Movie Review – Alien Abduction (2014)
You arguably can’t get a more generic a title than 2014’s Alien Abduction (well, okay, Alien is certainly more generic). Its blandness lets you know exactly what you’re in for and the lackluster poster leaves little to whet one’s interest further. That this is yet another found-footage horror is reason enough for most genre fans to pass on it. Despite all that’s stacked up against this film, I still gave Matty Beckerman’s directorial debut a shot after hearing Dr. Shock (of DVD Infatuation) favorably review it on Horror Movie Podcast, and I must say I’m glad I did.
Alien Abduction follows the Morris family as they camp on Brown Mountain in North Carolina. Their journey is being documented by the autistic son Riley, who uses the camera as a coping mechanism to help him focus. This clever justification allows the filmmaker to answer the question so often posed to found-footage films, being why anyone in their right mind would continue filming when their life is in danger. Beckerman allowed the actors to adlib most of their lines, helping to generate a mostly natural dialogue between the characters. The acting isn’t stellar – nothing about the film is – but it’s certainly adequate enough to not be a distraction. When the family’s circumstances become ever odder and the extraterrestrials make themselves known, pursuing their victims relentlessly, the film moves quickly and provides for some very well-crafted jump scares.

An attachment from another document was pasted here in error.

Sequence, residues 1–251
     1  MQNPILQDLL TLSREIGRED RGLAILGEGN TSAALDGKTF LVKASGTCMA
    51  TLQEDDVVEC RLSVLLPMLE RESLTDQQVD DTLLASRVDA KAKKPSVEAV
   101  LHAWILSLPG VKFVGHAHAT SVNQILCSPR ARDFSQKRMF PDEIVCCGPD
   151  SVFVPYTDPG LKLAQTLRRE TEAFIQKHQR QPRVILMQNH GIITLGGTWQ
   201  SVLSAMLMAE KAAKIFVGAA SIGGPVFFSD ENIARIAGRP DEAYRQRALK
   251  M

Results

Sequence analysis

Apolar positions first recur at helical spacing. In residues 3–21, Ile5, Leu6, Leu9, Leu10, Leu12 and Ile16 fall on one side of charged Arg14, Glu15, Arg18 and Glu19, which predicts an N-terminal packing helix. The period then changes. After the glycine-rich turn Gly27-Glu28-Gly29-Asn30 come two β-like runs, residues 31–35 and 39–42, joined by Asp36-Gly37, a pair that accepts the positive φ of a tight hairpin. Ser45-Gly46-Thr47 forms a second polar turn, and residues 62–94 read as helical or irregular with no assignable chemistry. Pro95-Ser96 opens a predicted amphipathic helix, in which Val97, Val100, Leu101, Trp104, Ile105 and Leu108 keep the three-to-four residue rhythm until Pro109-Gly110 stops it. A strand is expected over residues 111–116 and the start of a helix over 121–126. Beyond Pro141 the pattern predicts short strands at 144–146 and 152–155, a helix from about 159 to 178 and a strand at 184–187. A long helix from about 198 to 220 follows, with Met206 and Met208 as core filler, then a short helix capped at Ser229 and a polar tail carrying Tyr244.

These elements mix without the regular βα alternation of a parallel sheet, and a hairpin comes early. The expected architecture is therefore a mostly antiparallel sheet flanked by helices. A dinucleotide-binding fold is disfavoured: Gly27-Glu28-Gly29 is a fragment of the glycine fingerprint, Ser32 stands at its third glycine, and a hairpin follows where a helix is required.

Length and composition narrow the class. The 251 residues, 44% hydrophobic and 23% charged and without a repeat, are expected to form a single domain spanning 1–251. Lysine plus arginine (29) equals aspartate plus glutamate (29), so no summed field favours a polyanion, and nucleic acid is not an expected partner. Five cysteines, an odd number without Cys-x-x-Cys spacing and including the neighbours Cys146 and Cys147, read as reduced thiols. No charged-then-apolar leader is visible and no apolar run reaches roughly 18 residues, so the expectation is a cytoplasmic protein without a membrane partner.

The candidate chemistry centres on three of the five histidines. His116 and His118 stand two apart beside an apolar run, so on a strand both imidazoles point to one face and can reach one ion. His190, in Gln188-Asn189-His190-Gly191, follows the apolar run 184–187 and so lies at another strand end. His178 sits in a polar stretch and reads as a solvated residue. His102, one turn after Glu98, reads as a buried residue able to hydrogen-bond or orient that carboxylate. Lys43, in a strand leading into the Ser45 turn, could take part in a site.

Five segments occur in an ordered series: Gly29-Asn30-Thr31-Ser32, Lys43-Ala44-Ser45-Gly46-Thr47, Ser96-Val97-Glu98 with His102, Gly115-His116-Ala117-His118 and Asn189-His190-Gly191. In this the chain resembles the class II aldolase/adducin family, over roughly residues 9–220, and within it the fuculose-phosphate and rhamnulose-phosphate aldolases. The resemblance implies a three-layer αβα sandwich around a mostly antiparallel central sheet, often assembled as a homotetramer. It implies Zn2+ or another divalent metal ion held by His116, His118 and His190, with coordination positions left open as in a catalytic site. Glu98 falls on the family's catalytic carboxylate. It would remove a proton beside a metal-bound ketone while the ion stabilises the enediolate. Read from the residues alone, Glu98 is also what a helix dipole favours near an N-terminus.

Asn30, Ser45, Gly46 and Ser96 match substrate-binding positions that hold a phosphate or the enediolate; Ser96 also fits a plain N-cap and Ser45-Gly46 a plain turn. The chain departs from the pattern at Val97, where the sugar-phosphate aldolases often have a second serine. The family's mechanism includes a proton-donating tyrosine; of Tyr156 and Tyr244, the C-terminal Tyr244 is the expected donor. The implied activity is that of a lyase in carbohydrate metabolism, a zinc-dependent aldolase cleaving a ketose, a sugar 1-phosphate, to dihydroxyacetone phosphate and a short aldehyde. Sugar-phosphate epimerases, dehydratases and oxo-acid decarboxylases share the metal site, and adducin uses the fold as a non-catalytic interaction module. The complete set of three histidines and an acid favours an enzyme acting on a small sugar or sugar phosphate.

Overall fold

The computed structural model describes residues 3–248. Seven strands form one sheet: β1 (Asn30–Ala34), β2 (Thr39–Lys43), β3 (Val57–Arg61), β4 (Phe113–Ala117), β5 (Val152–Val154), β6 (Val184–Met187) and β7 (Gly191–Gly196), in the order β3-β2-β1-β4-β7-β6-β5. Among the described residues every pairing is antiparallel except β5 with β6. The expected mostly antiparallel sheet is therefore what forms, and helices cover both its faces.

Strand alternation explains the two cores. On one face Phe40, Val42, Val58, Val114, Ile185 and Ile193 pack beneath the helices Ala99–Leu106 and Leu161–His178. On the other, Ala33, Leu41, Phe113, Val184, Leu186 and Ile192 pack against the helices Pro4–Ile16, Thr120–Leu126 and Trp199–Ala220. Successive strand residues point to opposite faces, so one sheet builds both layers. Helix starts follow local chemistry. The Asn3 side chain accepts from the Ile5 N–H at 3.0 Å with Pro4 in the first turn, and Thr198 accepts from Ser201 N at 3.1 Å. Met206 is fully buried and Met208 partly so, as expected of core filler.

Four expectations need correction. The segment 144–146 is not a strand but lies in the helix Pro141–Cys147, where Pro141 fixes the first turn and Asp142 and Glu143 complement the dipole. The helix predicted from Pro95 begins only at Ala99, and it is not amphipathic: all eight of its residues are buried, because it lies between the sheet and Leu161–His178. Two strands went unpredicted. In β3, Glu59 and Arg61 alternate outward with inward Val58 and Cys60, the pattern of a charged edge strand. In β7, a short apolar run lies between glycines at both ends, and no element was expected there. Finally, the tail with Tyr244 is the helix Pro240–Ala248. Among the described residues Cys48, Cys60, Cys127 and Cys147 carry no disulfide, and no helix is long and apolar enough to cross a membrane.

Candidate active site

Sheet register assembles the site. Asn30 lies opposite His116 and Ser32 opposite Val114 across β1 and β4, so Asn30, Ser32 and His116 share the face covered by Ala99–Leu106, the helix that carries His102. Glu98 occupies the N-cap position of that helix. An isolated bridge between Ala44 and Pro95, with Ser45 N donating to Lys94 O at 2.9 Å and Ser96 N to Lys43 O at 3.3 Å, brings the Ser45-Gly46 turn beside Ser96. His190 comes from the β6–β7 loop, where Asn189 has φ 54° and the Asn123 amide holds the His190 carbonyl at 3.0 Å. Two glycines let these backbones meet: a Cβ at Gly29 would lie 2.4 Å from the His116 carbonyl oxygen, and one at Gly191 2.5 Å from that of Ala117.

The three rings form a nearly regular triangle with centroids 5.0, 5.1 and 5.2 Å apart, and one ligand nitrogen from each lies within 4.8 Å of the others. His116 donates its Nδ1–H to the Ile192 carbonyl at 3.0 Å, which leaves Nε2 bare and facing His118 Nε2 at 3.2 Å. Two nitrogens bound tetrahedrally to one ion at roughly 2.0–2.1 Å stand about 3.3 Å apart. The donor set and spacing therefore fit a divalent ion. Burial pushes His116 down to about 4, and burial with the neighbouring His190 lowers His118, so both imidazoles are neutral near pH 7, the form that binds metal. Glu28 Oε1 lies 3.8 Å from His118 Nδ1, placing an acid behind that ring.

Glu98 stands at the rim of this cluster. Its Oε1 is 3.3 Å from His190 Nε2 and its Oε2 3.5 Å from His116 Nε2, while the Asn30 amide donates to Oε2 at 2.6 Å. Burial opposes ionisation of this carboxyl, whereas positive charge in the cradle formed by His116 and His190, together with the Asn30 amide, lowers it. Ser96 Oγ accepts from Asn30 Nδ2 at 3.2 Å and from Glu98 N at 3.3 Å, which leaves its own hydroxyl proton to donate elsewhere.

Ultimately, Alien Abduction adds nothing new to the genre, but what it sets out to do it does well. It seeks to create a fun ride for viewers and it succeeds. As a first-time director, Beckerman is entirely competent and shows some promising creativity. If you’re looking for something light and entertaining, you could do a lot worse than Alien Abduction.
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